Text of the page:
(Bloomberg) -- The Metropolitan Transportation Authority is cracking down on assaults against its workers, seeking its first ban of a rider in New York City.
The MTA, which operates the city’s subway, buses and commuter rails, is urging the ban of Alexander Wright, who is facing charges of felony assault in the second degree, assault in the third degree and harassment in the second degree following an attack on transit cleaner Anthony Nelson. The assault took place on Aug. 11 at the Pelham Bay Park subway station in the Bronx.
“Attacks on transit workers are unacceptable and we must do everything we can to prevent them and keep our customers and employees safe,” MTA Chief Executive Officer Janno Lieber said in a statement. “Given the horrific actions of Mr. Wright and his long history of arrests -- some of which were for similarly violent attacks -- this penalty is warranted. Individuals who assault transit workers have no place on our subways, buses, and trains.”
Lieber intends to send a letter to Bronx District Attorney Darcel D. Clark requesting that upon conviction, a judge issue an order banning Wright from the system for three years, the maximum penalty available under the law.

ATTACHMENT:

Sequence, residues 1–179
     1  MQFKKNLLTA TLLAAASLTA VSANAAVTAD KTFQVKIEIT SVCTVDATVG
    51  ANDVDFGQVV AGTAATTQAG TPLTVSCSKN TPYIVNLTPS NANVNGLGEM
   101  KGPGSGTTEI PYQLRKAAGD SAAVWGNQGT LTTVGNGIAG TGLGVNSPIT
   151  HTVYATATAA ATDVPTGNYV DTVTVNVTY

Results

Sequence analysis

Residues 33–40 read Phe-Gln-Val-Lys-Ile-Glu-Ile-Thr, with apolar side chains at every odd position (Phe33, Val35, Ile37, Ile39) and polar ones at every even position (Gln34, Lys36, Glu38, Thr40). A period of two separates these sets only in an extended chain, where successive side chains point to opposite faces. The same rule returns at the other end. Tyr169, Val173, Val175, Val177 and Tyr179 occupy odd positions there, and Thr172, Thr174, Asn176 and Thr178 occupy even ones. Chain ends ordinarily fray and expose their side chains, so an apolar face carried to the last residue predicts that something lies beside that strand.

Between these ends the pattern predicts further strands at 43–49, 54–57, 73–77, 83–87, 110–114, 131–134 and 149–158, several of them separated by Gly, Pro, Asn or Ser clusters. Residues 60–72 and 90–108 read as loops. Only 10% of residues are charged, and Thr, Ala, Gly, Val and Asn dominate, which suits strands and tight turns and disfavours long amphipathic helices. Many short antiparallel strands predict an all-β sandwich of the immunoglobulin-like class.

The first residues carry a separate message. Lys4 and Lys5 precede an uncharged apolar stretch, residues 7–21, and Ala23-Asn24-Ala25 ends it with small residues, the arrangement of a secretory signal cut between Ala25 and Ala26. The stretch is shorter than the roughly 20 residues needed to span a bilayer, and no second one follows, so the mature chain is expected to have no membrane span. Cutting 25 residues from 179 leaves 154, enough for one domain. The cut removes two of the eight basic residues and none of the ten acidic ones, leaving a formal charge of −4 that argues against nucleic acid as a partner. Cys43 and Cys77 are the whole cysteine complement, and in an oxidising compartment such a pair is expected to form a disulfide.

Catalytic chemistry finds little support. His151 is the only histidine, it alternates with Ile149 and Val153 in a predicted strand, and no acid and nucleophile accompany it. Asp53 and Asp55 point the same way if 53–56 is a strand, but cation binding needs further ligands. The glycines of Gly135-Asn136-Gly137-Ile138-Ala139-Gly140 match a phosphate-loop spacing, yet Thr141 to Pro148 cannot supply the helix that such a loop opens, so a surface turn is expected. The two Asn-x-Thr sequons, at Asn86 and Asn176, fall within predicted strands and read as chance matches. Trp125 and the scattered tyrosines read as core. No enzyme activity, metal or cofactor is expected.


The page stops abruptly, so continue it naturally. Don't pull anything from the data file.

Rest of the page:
A spokesperson for the MTA said that the agency has “personnel in virtually every station, and they’re going to be on the lookout for people who are banned.”
In June, New York Governor Kathy Hochul signed legislation to expand the current law from protecting some transit workers to all transit workers. Previously, the law that charges individuals who attack or harass workers with second degree assault did not protect station customer assistants, ticket or revenue collectors, maintenance workers, repairers, cleaners, and their supervisors.
There were 32 assault and harassment incidents against transit employees during the week beginning Aug. 8, according to data from the MTA.
(Updates in paragraph 5 with further comment from the MTA on the enforcement of bans.)
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